PERRY HALL – Dakota Kurek was outside of his home around 2 p.m. May 21 when he heard a woman scream at a man in a black Jeep to stop and get out of the car.
He then witnessed the woman, Baltimore County Police Officer Amy Caprio, being run over by the Jeep. Dakota, 21, sought help from his father, Tony, and older brother, Logan, 23, a volunteer firefighter with the Kingsville Volunteer Fire Company, who attempted to perform CPR on the fallen officer.
Caprio later died from her injuries, the first woman in the Baltimore County Police Department to fall in the line of duty.
“We tried to help her and do what we could,” Tony said. “It was a horrible thing to be around. … That quickly, someone’s life was gone.”
The Kureks are parishioners of St. Joseph in Fullerton, a little more than two miles to the south, where its school dealt with the impact of the fallen officer.
Classes were wrapping up at St. Joseph School in Fullerton around 2:30 p.m., when Christina Ashby, assistant principal, was notified that a large number of patrol cars had just driven past the school.
The suspect in Caprio’s murder and three accomplices were at large. (The four teen boys were indicted May 30 on charges of first-degree murder, burglary and conspiracy to commit burglary.)
Ashby called the local police, who told her to lockdown the school immediately. No one could exit the building; no one could enter.
The announcement was made over the PA system. While students and teachers were literally locked in their classrooms, Kenneth Pipkin, principal, and Ashby went into action.
“We’ve got all of our emergency procedures in place and all of that, but to see it all actually happen – I was so proud of our teachers, I was so proud of our students, I was so proud of our parents,” Ashby said.
That began with Ashby following a procedure discussed during St. Joseph’s State of the School address in April, when security was a heightened concern due to a number of fatal school shootings. The “one voice” policy ensures that one person speaks for the school on different fronts to avoid confusion.
Ashby was that contact for the police, who she was told to call every 45 minutes.
Pipkin and other administrators maintained open communication with parents; Father Jesse Bolger, their pastor; and the Office of Risk Management and Department of Schools for the Archdiocese of Baltimore.
“We really don’t have any ‘I’s here. It’s all about team effort,” Pipkin said. “It was just one consistent message that everybody’s safe, everybody’s OK, just wait it out and we’ll be able to go home safely together.”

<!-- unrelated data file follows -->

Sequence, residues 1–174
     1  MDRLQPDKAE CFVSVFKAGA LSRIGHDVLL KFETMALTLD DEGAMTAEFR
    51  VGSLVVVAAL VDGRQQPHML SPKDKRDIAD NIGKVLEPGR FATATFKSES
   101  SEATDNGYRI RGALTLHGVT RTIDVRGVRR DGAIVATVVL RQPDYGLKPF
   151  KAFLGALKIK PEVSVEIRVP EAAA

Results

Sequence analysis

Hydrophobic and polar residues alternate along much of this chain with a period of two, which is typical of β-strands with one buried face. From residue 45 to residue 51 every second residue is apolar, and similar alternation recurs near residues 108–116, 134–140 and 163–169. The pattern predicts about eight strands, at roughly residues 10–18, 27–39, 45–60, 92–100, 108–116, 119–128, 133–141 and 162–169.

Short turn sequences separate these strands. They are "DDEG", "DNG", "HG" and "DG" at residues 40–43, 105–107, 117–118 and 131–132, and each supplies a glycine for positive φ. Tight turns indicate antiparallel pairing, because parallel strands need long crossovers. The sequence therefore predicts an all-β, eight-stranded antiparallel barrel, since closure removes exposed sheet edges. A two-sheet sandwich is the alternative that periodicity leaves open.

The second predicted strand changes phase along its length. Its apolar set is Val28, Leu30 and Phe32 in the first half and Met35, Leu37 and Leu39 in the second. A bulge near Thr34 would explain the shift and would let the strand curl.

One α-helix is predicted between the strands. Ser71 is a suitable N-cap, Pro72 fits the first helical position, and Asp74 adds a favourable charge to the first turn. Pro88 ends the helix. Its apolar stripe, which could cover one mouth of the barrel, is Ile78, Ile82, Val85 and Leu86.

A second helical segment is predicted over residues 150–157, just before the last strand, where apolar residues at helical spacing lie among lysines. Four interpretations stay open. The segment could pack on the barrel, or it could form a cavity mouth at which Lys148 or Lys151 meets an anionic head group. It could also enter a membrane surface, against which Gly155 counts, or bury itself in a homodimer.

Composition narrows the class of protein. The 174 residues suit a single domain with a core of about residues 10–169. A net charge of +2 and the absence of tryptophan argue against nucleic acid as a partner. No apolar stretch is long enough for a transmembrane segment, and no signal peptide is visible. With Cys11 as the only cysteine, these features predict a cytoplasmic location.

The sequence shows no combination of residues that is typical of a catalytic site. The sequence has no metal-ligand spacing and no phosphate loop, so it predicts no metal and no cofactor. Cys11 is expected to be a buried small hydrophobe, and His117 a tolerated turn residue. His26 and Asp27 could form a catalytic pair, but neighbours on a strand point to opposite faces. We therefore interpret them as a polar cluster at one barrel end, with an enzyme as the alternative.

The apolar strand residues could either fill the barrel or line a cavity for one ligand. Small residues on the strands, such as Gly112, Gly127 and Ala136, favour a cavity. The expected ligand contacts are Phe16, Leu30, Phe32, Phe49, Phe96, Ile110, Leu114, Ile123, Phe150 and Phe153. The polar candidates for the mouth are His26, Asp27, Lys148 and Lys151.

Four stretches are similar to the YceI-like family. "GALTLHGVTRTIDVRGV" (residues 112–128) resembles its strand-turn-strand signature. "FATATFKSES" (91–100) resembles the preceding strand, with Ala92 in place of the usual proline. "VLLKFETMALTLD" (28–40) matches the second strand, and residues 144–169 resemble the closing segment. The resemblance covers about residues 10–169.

Pipkin and Ashby had prior experiences with lockdowns at previous jobs, but for at least the last 13 years, no current staff member could recall one at St. Joseph that was not a drill.
“We knew right when it started … we weren’t getting out in a half-hour,” Pipkin said.
The lockdown stretched to four hours.
Fifth-grade teacher Kathi Trimble pulled out rosaries in her religion class.
“I said, ‘We can’t help what’s going on up the road. We can’t be there to help those people. This is the best thing we can do right now,’” she recalled. “We prayed the entire rosary, which took some time and kind of calmed them a little bit.”
Teachers did not tell students the nature of the crisis.
“You could’ve heard a pin drop in that classroom. They knew it wasn’t a drill,” Trimble said, adding that she had her own fears. “Making them feel safe was the biggest thing.”
Jolene Sosnowski occupied her kindergartners with a movie of their choice (they selected “Tinkerbell”) while they ate snacks.
“At first we knew nothing,” said Sosnowski, whose daughter teaches at Gunpowder Elementary School, one of four public schools also on lockdown. “I could tell by the assistant principal’s voice that it was something serious, it wasn’t just another drill.”
“I told them (her kindergartners) there was something unsafe going on up the street, and that not all their moms and dads could get there.”
Near 7 p.m., police informed administrators that they could soon begin dismissal, but that it needed to be cautious.
Ashby said students were dismissed “graduation style” – one-by-one to a parent. Classes were dismissed from youngest to oldest; it was after 8 p.m. when the last student was paired with a parent.
School opened the next morning with a two-hour delay.